In the fall of 1987, Potter decided to take action. “I told my superior, Johan Madson, who was the associate provost for student affairs at the time, that I was going to have lunch with some of the students, and he had no objection,” Potter said. “At that lunch we decided to form some sort of support group.”
Initially, the students were afraid to convene on campus, reluctant even to reserve a meeting space. For several months they gathered at an off-campus apartment. When that location became unavailable, Potter invited them to meet at his home on West Side Row. Vanderbilt’s Lambda Association was born.
“They came every Thursday night for 10 years,” Potter said. “They didn’t miss those meetings.”
The students found camaraderie in the comfortable setting.
“The thing that I noticed was they couldn’t stop talking,” Potter said. “They always looked forward to socializing before the meeting, and then sometimes they would stay long hours socializing after the meeting – just couldn’t stop talking.”
Spencer, the new director of LGBTQI Life, said the sharing of stories is a fundamental part of gender and sexuality education – among members of the gay community and outside of it.
“I think the most powerful way to promote understanding, and to combat misunderstanding and even bias or homophobia, is to tell one’s story,” she said. “Every chance I get in my work, I teach students how to craft their stories in ways that are compelling and may dismantle some of the oppression they’ve experienced.”
In the late 1980s, Potter chaired Vanderbilt’s first Student Life committee examining LGBT issues on campus. Under his guidance, Lambda’s membership flourished. At the hands of proactive leaders within the organization, its mission was no longer a secret at Vanderbilt, but a visible part of campus life.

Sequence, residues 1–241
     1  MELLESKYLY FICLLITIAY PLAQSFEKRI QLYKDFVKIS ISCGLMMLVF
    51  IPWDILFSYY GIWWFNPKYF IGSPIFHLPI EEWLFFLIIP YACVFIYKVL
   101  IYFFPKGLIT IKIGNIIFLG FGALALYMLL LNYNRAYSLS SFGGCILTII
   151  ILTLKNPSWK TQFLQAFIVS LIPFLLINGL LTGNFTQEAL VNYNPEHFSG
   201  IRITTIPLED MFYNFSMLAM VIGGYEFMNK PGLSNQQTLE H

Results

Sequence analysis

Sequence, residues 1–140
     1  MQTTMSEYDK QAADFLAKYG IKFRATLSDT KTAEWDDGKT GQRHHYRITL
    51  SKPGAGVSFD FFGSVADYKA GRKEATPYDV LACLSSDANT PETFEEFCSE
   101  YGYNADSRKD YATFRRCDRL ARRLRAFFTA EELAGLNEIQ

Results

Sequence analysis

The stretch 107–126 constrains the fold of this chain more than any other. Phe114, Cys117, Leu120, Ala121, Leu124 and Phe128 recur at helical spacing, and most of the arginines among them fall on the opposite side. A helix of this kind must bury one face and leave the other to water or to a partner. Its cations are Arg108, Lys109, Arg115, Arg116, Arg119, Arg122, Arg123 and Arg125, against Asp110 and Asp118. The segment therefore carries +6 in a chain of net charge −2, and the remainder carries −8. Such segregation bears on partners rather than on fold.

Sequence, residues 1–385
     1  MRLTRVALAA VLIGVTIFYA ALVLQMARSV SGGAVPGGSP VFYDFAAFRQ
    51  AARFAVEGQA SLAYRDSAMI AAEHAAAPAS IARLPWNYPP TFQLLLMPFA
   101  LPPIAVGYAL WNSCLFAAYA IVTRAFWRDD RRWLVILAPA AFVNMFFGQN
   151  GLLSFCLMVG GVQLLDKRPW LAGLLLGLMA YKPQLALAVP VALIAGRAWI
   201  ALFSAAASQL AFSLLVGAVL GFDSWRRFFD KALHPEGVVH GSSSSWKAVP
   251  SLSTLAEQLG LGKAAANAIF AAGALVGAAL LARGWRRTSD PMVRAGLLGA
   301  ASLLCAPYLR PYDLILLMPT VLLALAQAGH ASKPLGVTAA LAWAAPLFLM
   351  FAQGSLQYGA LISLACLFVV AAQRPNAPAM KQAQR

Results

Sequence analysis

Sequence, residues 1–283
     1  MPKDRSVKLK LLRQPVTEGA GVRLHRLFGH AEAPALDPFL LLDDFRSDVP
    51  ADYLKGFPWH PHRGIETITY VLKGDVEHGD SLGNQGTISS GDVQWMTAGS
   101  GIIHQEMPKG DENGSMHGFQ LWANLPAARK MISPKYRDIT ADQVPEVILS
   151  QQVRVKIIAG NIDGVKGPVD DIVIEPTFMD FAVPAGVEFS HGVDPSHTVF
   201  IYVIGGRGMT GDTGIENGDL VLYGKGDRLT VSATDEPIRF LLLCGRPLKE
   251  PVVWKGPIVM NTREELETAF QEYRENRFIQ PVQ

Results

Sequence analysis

Passing the Torch
The climate for gay students was much improved – though far from perfect – when Potter underwent open-heart surgery in 1997. Anticipating an extended recuperation away from campus, he arranged for Lambda to move its weekly meeting to the Tarpley building under the sponsorship of the Office of Religious Life.
Over the next decade, LGBT services at Vanderbilt were strengthened, and an office was created to meet the needs not only of undergraduates, but graduate and professional students, faculty, and staff as well. These constituencies had established their own support groups over the years, and along with Lambda formed a loosely organized network on campus.
Gary White, associate director of religious life, began serving as adviser to Lambda in 2001. Along with a series of graduate students employed part-time to organize the LGBT office, White built an impressive resource center and oversaw student programming.
But the task of supporting Vanderbilt’s LGBT community – if truly done right – requires full-time professionals and a fully staffed center – a fact wholeheartedly acknowledged by the folks in Religious Life.
“While it has become increasingly easier to be gay and out at Vanderbilt, it’s still hard,” said Gay Welch, director of religious life. “This naming of a center, putting it somewhere, putting a sign out and saying, ‘We actively affirm this as a constituency of our student body, our mission and our general educational goals,’ is big.”
“This has been the needed thing,” White agreed. “Vanderbilt has long needed a comprehensive approach to the LGBT life on this campus, reaching all the way from the recruitment of students to alumni and development. Having someone who can sit with all of these departments and spend the time necessary to formulate an approach is invaluable.”